Front Pharmacol. 2021 Feb 19;11:617260. doi: 10.3389/fphar.2020.617260. eCollection 2020.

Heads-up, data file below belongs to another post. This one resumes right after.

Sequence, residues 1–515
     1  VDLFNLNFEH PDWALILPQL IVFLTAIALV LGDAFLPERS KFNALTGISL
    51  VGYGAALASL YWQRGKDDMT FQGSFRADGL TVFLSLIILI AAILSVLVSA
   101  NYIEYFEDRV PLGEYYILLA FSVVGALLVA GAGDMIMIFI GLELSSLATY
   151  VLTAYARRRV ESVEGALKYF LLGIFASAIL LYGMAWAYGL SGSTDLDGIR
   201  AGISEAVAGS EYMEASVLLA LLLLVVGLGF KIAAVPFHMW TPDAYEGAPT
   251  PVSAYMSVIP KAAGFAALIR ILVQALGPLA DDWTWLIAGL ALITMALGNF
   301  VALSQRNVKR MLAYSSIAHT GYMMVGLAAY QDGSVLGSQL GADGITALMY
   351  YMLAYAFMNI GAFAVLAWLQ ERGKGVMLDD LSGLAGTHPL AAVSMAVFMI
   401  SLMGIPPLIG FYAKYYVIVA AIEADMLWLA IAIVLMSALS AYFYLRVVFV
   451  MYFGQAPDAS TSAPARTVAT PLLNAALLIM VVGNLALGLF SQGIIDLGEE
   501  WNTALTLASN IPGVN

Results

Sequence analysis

Background: Currently, there is no comprehensive evaluation of the quality of antibiotic prescribing in China's primary care facilities based on longitudinal data. Methods: We randomly selected 11 community health centers in Shenzhen, China, and collected all outpatient prescriptions of these centers from 2010 to 2015. To evaluate the quality of antibiotic prescribing, we used six quality indicators for analysis, including number of antibiotics per 100 consultations, ratio between broad-spectrum and narrow-spectrum antibiotics (B/N ratio), percentage of first-line antibiotics recommended by guidelines, percentage of oral antibiotics with a duration exceeding the guideline recommendation, and new pediatric-specific indicators such as percentage of antibiotics with amoxicillin (A index) and ratio between amoxicillin and broad-spectrum antibiotics (A/B ratio). Results: During the study period, 571,362 outpatient consultations resulted in antibiotic prescriptions, which contained 706,411 antibiotics. The overall number of antibiotics per 100 consultations decreased significantly from 93.50 in 2010 to 19.98 in 2015 (p = 0.004), but the B/N ratio showed an upward trend over time (p = 0.009). In different populations and different common infections, the number of antibiotics used decreased to varying degrees, while the B/N ratio increased to varying degrees, with the most obvious change in children <5 years. The percentage of first-line antibiotics for common infections was not high, ranging from 3.45 to 44.25% during 2014-2015. The percentage of oral antibiotics with an exceeded duration ranged from 0.70 to 19.39%. Moreover, the A index and A/B ratio in children remained low for a long time, which was 0.76% and 0.01 in 2015. Conclusion: A review of antibiotic prescribing in Shenzhen, China, showed a substantial reduction in antibiotic use in primary care. However, problems such as widespread use of broad-spectrum antibiotics, insufficient use of first-line antibiotics and low use of amoxicillin were prevalent. Improving and optimizing the quality of antibiotic prescribing, particularly in children prescriptions, will be the focus of future antibiotic stewardship in China.